For the first time, Harvard scientists have encoded and played back a primitive movie in the DNA of living bacterial cells, an advance that may lead to "molecular recorders" which will help observe brain cells in real time.
"We want to turn cells into historians," said Seth Shipman, a post-doctoral fellow at Harvard Medical School in the US.
"We envision a biological memory system that's much smaller and more versatile than today's technologies, which will track many events non-intrusively over time," said Shipman.
The ability to record such sequential events like a movie at the molecular level is key to the idea of reinventing the very concept of recording using molecular engineering, researchers said.
In this scheme, cells themselves could be induced to record molecular events - such as changes in gene expression over time - in their own genomes.
Then the information could be retrieved simply by sequencing the genomes of the cells it is stored in.
"If we had those transcriptional steps, we could potentially use them like a recipe to engineer similar cells," said Shipman.
"These could be used to model disease - or even in therapies," he said.
For starters, the researchers had to show that DNA can be used to encode not just genetic information, but any arbitrary sequential information into a genome.
For this they turned to the gene editing technology CRISPR. Researchers showed that they could encode and retrieve an image of the human hand in DNA inserted into bacteria.
They then similarly encoded and reconstructed frames from a classic 1870s race horse in motion sequence of photos - an early forerunner of moving pictures.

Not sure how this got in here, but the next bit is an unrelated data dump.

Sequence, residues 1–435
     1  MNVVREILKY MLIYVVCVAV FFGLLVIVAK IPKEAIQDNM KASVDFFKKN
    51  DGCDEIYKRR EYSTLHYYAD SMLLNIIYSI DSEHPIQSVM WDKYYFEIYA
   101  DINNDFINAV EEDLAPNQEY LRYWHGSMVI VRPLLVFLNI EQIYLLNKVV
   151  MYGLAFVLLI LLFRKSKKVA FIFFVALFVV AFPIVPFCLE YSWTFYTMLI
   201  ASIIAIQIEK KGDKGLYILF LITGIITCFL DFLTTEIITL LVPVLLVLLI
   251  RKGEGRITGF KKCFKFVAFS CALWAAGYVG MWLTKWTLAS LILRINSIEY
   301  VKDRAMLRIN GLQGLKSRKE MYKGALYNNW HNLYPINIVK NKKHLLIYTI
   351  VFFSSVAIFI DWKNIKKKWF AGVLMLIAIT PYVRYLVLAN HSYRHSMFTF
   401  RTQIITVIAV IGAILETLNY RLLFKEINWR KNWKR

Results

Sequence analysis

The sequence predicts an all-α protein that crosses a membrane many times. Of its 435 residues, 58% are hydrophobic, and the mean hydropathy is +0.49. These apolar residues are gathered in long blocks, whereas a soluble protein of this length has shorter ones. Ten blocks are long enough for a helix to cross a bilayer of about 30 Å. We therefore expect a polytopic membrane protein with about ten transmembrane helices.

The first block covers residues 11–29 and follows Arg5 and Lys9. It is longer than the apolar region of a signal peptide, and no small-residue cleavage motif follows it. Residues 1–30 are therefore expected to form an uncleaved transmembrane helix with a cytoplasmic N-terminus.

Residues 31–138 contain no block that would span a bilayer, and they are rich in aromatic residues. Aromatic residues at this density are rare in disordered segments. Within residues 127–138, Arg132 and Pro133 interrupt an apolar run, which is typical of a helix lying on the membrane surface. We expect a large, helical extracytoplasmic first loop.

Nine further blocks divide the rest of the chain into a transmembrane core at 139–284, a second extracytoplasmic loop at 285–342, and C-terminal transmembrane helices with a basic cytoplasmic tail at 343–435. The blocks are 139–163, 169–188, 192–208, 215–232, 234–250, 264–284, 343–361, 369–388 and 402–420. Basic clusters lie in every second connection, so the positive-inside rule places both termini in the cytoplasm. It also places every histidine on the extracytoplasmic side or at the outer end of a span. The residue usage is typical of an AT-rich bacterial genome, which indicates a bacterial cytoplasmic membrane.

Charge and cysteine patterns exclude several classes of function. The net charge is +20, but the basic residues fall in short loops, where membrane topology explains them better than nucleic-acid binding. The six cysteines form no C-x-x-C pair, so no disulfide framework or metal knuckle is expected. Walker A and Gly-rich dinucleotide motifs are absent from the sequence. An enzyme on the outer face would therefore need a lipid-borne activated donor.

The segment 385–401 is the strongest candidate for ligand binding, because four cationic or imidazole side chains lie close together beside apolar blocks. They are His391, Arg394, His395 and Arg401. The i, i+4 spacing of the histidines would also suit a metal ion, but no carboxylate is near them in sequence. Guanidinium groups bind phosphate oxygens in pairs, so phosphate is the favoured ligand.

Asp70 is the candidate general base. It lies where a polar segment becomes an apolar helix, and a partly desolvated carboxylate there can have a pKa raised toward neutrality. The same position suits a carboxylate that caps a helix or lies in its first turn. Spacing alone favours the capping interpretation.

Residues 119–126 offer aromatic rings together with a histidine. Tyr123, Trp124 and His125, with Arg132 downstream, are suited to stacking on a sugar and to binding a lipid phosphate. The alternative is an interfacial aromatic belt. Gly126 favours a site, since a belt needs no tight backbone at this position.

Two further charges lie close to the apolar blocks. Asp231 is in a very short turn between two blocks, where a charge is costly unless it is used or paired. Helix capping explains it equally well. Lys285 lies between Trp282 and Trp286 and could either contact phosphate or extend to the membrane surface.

The researchers had previously shown that they could use CRISPR to store sequences of DNA in bacteria.
CRISPR is a group of proteins and DNA that act as an immune system in some bacteria, vaccinating them with genetic memories of viral infections.
When a virus infects a bacterium, CRISPR cuts out part of the foreign DNA and stores it in the bacteria's own genome.
The bacterium then uses the stored DNA to recognise the virus and defend against future attacks.
The researchers then similarly translated five frames from the race horse in motion photo sequence into DNA.
Over the course of five days, they sequentially treated bacteria with a frame of translated DNA.
Afterwards, they were able to reconstruct the movie with 90 per cent accuracy by sequencing the bacterial DNA.
Although this technology could be used in a variety of ways, the researchers ultimately hope to use it to study the brain.
"We want to use neurons to record a molecular history of the brain through development," said Shipman.
"Such a molecular recorder will allow us to eventually collect data from every cell in the brain at once, without the need to gain access, to observe the cells directly, or disrupt the system to extract genetic material or proteins," he said.
The study was published in the journal Nature.
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